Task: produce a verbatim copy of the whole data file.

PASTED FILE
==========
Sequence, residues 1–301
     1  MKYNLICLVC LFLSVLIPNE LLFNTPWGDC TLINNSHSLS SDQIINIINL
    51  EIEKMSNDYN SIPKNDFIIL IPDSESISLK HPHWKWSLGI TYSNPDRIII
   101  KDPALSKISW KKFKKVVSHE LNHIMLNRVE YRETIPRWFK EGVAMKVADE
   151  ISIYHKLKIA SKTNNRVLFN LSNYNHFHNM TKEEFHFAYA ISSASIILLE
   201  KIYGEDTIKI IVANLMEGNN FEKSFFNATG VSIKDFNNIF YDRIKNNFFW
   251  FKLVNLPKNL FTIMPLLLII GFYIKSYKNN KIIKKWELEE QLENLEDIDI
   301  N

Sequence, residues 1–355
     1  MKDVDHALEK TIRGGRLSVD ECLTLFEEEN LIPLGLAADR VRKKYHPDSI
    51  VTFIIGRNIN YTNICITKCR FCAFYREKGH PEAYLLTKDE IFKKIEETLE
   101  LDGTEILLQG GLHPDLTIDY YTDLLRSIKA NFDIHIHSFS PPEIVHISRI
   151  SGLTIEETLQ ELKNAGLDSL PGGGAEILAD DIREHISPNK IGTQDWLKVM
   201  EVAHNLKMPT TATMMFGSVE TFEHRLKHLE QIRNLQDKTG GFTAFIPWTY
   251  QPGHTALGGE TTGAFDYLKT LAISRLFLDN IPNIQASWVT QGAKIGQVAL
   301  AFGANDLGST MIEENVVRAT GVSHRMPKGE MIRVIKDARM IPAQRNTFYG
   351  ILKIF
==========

Sequence, residues 1–301
     1  MKYNLICLVC LFLSVLIPNE LLFNTPWGDC TLINNSHSLS SDQIINIINL
    51  EIEKMSNDYN SIPKNDFIIL IPDSESISLK HPHWKWSLGI TYSNPDRIII
   101  KDPALSKISW KKFKKVVSHE LNHIMLNRVE YRETIPRWFK EGVAMKVADE
   151  ISIYHKLKIA SKTNNRVLFN LSNYNHFHNM TKEEFHFAYA ISSASIILLE
   201  KIYGEDTIKI IVANLMEGNN FEKSFFNATG VSIKDFNNIF YDRIKNNFFW
   251  FKLVNLPKNL FTIMPLLLII GFYIKSYKNN KIIKKWELEE QLENLEDIDI
   301  N

Sequence, residues 1–355
     1  MKDVDHALEK TIRGGRLSVD ECLTLFEEEN LIPLGLAADR VRKKYHPDSI
    51  VTFIIGRNIN YTNICITKCR FCAFYREKGH PEAYLLTKDE IFKKIEETLE
   101  LDGTEILLQG GLHPDLTIDY YTDLLRSIKA NFDIHIHSFS PPEIVHISRI
   151  SGLTIEETLQ ELKNAGLDSL PGGGAEILAD DIREHISPNK IGTQDWLKVM
   201  EVAHNLKMPT TATMMFGSVE TFEHRLKHLE QIRNLQDKTG GFTAFIPWTY
   251  QPGHTALGGE TTGAFDYLKT LAISRLFLDN IPNIQASWVT QGAKIGQVAL
   301  AFGANDLGST MIEENVVRAT GVSHRMPKGE MIRVIKDARM IPAQRNTFYG
   351  ILKIF